Calling opioids a ‘public nuisance,’ Androscoggin County joins nationwide lawsuit

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After last month joining a growing list of Maine municipalities and counties that are part of a nationwide lawsuit against opioid manufacturers, Androscoggin County commissioners passed an order claiming the opioid epidemic is a public nuisance.

The order, requested by the attorneys representing communities throughout the country, puts the county on record saying that the growing epidemic is affecting county resources, including enforcement, treatment and the high cost of lives.

“It makes sense that if we join the lawsuit that we need to recognize that it is a problem to have standing,” Commissioner Noel Madore of Lewiston said during last week’s meeting.

Maine saw a record 418 people die from opioid overdoses in 2017, an 11 percent jump from the previous year’s 376 deaths, according to the Maine Attorney General’s office.

The motion declaring “the opioid epidemic and its effects on the county are a public nuisance” passed by a 4-2 vote, with Isaiah Lary of Wales and Bonney Starbird of Auburn voting against the order.

Androscoggin County joins several Maine municipalities that have already signed on to the lawsuit, including Lewiston, Auburn, Portland, Bangor, Biddeford, Saco, Sanford and Waterville. Kennebec County will consider signing on later this month.

The county retained the New York law firm of Napoli Shkolnik, which is spearheading the nationwide lawsuit being filed by hundreds of communities.

Napoli Shkolnik has partnered with the Auburn firm of Trafton, Matzen, Belleau and Frenette to help represent its Maine clients.

Lary had concerns about being part of the lawsuit. He wondered why opioid manufacturers were being singled out. He felt a similar case could be made against the alcohol industry and other vices. He wondered why the county isn’t also suing them.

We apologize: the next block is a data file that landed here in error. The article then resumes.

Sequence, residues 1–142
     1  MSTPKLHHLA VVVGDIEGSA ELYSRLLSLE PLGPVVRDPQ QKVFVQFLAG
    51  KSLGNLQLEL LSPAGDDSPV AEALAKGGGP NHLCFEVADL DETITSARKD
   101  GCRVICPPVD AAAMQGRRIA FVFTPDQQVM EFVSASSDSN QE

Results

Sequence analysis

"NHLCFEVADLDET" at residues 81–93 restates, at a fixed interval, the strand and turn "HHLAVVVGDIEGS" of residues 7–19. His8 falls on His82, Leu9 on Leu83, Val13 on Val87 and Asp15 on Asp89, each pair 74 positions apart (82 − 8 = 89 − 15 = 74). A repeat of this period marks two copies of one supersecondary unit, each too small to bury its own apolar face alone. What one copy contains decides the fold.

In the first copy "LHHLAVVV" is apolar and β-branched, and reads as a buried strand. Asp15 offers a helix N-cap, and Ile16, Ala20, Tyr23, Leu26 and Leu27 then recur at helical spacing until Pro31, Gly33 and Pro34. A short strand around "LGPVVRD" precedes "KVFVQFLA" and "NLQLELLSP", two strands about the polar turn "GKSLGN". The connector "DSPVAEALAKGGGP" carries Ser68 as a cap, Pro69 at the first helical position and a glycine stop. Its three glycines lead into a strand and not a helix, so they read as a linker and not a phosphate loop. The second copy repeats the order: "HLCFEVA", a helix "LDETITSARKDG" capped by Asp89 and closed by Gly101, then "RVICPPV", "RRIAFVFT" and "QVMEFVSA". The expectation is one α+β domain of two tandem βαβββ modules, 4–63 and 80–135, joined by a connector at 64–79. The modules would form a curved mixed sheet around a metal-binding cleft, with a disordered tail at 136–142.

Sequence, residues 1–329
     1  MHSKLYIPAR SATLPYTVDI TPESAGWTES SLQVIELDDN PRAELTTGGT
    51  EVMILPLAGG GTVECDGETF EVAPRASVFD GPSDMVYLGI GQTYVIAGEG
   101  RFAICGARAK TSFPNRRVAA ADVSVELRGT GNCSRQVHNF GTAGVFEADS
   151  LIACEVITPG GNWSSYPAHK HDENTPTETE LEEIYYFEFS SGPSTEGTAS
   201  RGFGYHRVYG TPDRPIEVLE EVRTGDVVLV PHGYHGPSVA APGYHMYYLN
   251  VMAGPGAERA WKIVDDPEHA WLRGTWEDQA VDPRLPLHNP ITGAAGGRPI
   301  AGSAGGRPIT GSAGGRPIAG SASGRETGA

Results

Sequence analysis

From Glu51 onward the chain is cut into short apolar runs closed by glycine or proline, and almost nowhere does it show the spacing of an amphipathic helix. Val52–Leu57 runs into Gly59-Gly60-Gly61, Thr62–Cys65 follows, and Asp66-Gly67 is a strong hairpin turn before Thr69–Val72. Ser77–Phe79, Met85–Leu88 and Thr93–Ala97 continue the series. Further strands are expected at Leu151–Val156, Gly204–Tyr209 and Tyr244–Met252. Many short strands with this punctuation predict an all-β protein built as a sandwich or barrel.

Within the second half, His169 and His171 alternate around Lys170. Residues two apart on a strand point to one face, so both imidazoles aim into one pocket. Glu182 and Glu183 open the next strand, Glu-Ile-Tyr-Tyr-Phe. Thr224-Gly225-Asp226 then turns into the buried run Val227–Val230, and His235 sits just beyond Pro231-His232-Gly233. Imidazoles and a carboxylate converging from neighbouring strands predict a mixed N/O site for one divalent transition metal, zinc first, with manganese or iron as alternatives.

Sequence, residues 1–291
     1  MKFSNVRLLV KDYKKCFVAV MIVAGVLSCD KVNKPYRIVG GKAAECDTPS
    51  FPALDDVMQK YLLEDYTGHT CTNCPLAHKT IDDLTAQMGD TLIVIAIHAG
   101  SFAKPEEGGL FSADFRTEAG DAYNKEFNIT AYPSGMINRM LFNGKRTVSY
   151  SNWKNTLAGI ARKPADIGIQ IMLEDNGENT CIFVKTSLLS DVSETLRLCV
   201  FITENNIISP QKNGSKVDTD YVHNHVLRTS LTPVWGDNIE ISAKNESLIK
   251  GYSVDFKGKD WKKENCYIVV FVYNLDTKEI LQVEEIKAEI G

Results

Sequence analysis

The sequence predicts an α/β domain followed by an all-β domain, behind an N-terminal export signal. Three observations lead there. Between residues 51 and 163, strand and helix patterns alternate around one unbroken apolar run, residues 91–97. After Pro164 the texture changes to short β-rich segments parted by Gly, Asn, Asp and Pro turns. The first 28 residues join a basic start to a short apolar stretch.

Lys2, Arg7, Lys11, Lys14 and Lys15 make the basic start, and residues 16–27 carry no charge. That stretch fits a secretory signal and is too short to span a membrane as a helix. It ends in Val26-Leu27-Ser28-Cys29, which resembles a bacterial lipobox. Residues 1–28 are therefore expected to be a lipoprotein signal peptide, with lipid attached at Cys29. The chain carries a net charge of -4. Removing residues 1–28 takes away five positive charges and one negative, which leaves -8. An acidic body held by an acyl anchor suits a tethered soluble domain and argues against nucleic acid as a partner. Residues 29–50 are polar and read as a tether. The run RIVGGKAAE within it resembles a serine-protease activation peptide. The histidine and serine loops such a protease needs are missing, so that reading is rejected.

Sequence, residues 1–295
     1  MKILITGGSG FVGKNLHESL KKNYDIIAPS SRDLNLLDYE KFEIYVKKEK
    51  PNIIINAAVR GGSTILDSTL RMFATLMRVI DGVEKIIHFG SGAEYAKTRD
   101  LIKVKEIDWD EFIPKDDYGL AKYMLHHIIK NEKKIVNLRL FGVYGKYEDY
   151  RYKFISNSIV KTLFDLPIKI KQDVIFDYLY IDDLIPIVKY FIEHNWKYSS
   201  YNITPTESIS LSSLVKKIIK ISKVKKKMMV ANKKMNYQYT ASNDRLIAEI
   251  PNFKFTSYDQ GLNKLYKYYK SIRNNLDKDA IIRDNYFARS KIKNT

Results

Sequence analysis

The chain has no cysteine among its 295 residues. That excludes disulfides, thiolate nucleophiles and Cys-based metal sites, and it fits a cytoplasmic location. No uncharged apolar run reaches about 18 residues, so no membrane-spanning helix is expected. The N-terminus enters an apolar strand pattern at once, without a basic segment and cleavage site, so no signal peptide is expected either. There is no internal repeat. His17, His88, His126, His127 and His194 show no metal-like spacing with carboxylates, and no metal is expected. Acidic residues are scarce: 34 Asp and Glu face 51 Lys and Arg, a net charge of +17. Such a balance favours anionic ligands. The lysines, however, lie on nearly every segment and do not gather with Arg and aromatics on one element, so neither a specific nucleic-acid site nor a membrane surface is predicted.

In addition, Lary feared the county was opening itself up to libel by joining the suit.

‘I’d like to see it in writing that we’re not liable,” Lary said.

After Lary asked to spend legal fees to have the county’s own lawyer look over the agreement, commissioners voted to end discussion and adopted the order.

In other business last week:

•  County Administrator Larry Post and Facilities Director David Cote updated commissioners on the clock tower project. Saying the project is more than 99 percent complete, all that is left is for an electrician to connect the lights to the clock. Cote asked for ideas on how to start ringing the bell in the tower. The bell hasn’t rung in more than 30 years.

• Commissioners took nearly two hours discussing the vacant treasurer position, working on a job description and deciding who should serve on the hiring committee.  After multiple motions and amendments, the board decided on a panel of eight — three commissioners, Post, his assistant, Sandra Berube, Registrar of Deeds Tina Chouinard, Chief Deputy William Gagne and Deborah Sawyer of the treasurer’s office.

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